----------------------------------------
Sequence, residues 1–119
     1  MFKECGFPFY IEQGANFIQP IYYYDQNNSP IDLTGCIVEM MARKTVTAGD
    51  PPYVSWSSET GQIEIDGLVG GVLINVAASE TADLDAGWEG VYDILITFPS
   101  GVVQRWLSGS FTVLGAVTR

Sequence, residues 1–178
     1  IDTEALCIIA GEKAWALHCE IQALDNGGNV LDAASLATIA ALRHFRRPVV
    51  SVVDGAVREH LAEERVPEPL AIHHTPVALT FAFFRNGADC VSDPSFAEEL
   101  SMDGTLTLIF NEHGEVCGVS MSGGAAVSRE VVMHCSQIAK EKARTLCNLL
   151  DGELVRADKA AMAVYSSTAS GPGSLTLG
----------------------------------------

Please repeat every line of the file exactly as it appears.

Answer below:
Sequence, residues 1–119
     1  MFKECGFPFY IEQGANFIQP IYYYDQNNSP IDLTGCIVEM MARKTVTAGD
    51  PPYVSWSSET GQIEIDGLVG GVLINVAASE TADLDAGWEG VYDILITFPS
   101  GVVQRWLSGS FTVLGAVTR

Sequence, residues 1–178
     1  IDTEALCIIA GEKAWALHCE IQALDNGGNV LDAASLATIA ALRHFRRPVV
    51  SVVDGAVREH LAEERVPEPL AIHHTPVALT FAFFRNGADC VSDPSFAEEL
   101  SMDGTLTLIF NEHGEVCGVS MSGGAAVSRE VVMHCSQIAK EKARTLCNLL
   151  DGELVRADKA AMAVYSSTAS GPGSLTLG